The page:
Confessions of a Comic Book Guy is a weekly column by Steve Bennett of Super-Fly Comics and Games in Yellow Springs, Ohio.  This week, Bennett looks at Astro Boy, his pick for another character that might be great for kids' animated movies, and the surprising appearance of motion comics in an animation slot.

If you're a comic book fan of a certain age you grew up in a now almost forgotten America where the "butt" didn't often appear in polite popular culture.  When absolutely necessary it could be alluded to and of course there was a truckload of euphemisms ("hips", "backside", "rear", etc.) that must seem quaint to today's kids.  It definitely wasn't something that was dwelled on so as a huge Astro Boy fan I wasn't thrilled that his bottom played such an important part of the TV spots for his upcoming movie.  In particular I am referring to the line that soon will be on everybody's lips "I've got machine guns in my butt!"*

But as a long-time Astro fan I knew that his tail gunner is an integral part of Osamu Tezuka's original design for the boy robot and not some Hollywood focus group add-on designed to make him appeal to adolescent boys who find that sort of thing hilarious.  As I wrote in a previous column (Confessions of a Comic Book Guy--Exit The Anti-Villain), in spite of the extreme tweenification he's gone through in this version I've been giving the movie the benefit of the doubt, hoping against hope it will:

Introduce the character to a new generation of kids around the world.

Help spread Tezuka's message:

What I try to appeal through my works is simple.  The opinion is just a simple message that follows: "Love all the creatures!  Love everything that has life!"  I have been trying to express this message in every one of my works.  Though it has taken the different forms like "the presentation of nature," "the blessing of life," "the suspicion of too much science-oriented civilization," anti-war and so on.

And that it might actually be good.  

2009 has been a pretty sad year for movies so far so an unexpected hit would be especially appreciated right about now.

Once Time-Warner finally gets finished with its reorganization I hope it'll remember that amongst its holdings are the British 'story-strip' characters that Wildstorm tried to relaunch a couple of years ago.  Thanks to Albion most of us at least now know about characters like The Spider, Kelly's Eye and my favorite Robot Archie, but there are still so many more treasures to be found in the back number of those boys' weeklies.

Buster might not have had as many high concept strips as some of the UK boys weeklies of the same era but among the usual allotment of nondescript plucky WWII platoons and heroic footballers (playing proper football of course, not the American kind) there was Galaxus, The Thing From Outer Space.  Editor Ken Mennell created and wrote the first installment though the rest of its 339 episodes were written by Scott Goodall and drawn by South American artist Solano Lopez (who did a lot of work for the British boy's papers but is best known in the States for his Adults Only Eros Comic's Young Witches).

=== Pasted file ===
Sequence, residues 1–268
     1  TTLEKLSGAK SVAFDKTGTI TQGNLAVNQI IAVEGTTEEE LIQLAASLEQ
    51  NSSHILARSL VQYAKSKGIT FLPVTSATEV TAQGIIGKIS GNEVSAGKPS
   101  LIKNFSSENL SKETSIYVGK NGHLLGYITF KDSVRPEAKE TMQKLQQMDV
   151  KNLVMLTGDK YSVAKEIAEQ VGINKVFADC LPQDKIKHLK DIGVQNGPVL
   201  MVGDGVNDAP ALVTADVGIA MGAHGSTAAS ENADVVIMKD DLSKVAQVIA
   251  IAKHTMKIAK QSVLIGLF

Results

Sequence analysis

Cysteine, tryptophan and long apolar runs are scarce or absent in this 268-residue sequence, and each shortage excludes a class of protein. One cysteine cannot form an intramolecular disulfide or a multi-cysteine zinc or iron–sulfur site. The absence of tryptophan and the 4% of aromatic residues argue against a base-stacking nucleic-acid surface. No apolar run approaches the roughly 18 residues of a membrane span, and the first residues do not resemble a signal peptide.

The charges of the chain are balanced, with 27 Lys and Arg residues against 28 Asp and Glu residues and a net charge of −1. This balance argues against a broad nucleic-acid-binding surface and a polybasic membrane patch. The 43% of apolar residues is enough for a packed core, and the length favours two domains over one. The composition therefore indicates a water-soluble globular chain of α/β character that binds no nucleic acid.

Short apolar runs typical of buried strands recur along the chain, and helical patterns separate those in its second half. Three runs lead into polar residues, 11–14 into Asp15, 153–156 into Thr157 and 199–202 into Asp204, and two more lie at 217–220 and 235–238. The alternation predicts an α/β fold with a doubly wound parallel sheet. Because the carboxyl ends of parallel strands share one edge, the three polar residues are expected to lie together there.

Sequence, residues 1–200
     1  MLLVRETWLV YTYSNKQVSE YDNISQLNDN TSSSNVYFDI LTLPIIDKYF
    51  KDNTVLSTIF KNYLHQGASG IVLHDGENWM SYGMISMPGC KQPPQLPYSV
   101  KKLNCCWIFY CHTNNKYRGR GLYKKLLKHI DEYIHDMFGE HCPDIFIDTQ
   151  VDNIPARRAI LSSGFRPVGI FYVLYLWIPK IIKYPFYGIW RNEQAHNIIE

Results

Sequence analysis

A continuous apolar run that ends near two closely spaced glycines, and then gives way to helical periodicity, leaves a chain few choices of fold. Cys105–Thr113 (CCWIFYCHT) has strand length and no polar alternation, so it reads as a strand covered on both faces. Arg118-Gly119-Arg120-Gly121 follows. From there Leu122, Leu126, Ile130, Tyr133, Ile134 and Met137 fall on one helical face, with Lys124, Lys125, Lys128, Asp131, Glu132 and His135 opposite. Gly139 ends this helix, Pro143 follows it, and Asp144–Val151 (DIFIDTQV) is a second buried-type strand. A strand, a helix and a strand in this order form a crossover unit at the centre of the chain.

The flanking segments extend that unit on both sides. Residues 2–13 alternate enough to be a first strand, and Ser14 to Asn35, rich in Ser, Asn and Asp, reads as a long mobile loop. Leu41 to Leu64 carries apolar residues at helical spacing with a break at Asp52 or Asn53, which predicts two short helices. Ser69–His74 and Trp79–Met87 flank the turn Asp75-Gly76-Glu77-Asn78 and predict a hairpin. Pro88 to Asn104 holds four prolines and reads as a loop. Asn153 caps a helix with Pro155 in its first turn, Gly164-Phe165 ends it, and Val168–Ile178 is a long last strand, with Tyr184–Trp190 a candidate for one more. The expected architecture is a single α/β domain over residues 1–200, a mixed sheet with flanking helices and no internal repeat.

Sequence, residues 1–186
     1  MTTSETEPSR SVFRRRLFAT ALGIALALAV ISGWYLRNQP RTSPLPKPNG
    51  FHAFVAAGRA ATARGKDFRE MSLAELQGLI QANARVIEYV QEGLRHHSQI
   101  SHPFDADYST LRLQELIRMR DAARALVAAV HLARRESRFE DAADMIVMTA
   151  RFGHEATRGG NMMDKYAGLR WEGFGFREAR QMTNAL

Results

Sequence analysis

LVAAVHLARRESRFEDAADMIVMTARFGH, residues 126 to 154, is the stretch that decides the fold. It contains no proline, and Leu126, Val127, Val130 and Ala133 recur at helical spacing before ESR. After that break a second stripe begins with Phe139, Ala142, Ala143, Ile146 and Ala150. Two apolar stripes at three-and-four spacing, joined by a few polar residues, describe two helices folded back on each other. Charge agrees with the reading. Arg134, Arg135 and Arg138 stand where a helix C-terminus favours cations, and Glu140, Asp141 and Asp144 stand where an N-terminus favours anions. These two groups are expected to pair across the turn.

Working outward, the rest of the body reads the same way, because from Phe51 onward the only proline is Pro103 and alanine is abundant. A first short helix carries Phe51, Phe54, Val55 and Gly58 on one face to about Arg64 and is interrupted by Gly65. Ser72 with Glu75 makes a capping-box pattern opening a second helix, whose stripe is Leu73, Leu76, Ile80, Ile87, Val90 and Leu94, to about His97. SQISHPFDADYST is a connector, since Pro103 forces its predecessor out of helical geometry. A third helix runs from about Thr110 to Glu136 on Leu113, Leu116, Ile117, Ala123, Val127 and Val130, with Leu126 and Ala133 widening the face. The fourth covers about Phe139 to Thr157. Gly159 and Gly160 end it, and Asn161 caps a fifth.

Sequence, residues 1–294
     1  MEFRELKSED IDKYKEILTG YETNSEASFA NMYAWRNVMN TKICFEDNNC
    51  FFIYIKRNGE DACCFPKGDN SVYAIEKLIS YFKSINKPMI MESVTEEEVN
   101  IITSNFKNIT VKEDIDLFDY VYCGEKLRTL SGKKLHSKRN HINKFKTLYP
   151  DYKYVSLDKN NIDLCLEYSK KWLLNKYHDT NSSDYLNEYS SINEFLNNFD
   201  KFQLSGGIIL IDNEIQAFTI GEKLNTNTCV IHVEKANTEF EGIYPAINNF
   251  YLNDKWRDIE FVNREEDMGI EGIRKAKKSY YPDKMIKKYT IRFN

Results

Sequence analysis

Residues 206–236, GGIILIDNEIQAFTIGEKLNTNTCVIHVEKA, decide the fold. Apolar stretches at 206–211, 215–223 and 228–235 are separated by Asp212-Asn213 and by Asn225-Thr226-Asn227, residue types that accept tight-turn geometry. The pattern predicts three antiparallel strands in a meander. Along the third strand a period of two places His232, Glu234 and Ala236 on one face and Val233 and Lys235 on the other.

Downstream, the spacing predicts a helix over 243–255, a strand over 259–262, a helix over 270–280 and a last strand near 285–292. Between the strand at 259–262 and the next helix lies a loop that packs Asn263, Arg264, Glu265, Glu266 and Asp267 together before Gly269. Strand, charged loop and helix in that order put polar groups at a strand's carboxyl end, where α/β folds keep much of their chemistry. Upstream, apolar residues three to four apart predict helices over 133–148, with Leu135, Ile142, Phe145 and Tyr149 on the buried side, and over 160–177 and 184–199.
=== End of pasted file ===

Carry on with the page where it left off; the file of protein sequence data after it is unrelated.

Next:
The adorably ugly/cute space alien (face of a platypus, body of a yeti with, inexplicably, the feet of a mole) that could shrink to two inches or expand to giant size was befriended by a pair of school boys who desperately tried to protect him from an uncaring adult world who refused to understand Galaxus meant us no harm.  Sort of an inarticulate anti-Hulk, in spite of his size and strength he most often shied away from fights and regularly expressed himself through the forlorn wail of a heart broken child.

Like a lot of British strips Galaxus is just chockablock with wish fulfillment, engineered to appeal to kids by people who actually knew what kids wanted, but it's also full of pathos and genuine menace.  All of which makes it prime intellectual real estate, shovel ready for movies, cartoons and especially toys (I want a plush Galaxus for Christmas).  But unfortunately he might not be owned by Time-Warner; one Website I visited suggests that 26 of the characters from Buster are owned by Egmont-Fleetway.  But regardless of which publisher owns him they should know Galaxus is just sitting there, waiting to be revived.

And, finally, on a completely unrelated note, in case you missed it on Monday during their Ani-Monday block instead of showing, you know, actual anime the Syfy Channel ran Street Fighter and Voltron motion comics.  Since television is constantly trying to find ever cheaper forms of entertainment motion comics might just be the answer to basic cable's prayers.  While we're on the subject since nothing actually moved (except for the creepy superimposed human lips) in the 1950's 'cartoon' Clutch Cargo doesn't that retroactively make it the first motion comic?

* It's pretty good but it's no "Don't go into the pimped out fridge, Jack" from Race to Witch Mountain.

The opinions expressed in this column are solely those of the writer, and do not necessarily reflect the views of the editorial staff of